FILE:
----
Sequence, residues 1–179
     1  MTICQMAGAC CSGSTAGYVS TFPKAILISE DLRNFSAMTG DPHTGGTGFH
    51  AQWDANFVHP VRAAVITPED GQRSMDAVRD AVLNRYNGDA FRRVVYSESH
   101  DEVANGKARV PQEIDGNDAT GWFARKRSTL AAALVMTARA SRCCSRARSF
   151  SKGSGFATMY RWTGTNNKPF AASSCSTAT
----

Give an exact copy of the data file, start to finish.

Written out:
Sequence, residues 1–179
     1  MTICQMAGAC CSGSTAGYVS TFPKAILISE DLRNFSAMTG DPHTGGTGFH
    51  AQWDANFVHP VRAAVITPED GQRSMDAVRD AVLNRYNGDA FRRVVYSESH
   101  DEVANGKARV PQEIDGNDAT GWFARKRSTL AAALVMTARA SRCCSRARSF
   151  SKGSGFATMY RWTGTNNKPF AASSCSTAT